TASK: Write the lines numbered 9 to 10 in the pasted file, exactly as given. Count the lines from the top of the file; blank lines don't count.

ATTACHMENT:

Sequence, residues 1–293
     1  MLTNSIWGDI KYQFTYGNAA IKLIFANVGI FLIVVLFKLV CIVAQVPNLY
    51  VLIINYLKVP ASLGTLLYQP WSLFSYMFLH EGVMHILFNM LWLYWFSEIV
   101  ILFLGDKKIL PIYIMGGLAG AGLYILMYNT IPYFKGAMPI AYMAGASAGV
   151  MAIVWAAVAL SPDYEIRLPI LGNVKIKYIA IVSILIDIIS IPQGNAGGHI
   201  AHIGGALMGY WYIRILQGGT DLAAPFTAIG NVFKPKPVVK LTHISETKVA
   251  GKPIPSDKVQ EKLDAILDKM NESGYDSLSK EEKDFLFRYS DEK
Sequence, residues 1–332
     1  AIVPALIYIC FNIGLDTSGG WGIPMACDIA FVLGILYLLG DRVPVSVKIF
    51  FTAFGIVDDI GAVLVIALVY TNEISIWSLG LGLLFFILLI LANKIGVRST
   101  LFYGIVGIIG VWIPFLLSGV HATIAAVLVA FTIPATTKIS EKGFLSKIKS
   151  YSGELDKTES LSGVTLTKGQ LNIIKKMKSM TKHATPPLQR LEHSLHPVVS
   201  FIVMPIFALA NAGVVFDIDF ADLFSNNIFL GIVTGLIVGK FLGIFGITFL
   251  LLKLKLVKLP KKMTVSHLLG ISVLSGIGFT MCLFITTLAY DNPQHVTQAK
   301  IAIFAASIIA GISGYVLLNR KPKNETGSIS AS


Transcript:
     1  AIVPALIYIC FNIGLDTSGG WGIPMACDIA FVLGILYLLG DRVPVSVKIF
    51  FTAFGIVDDI GAVLVIALVY TNEISIWSLG LGLLFFILLI LANKIGVRST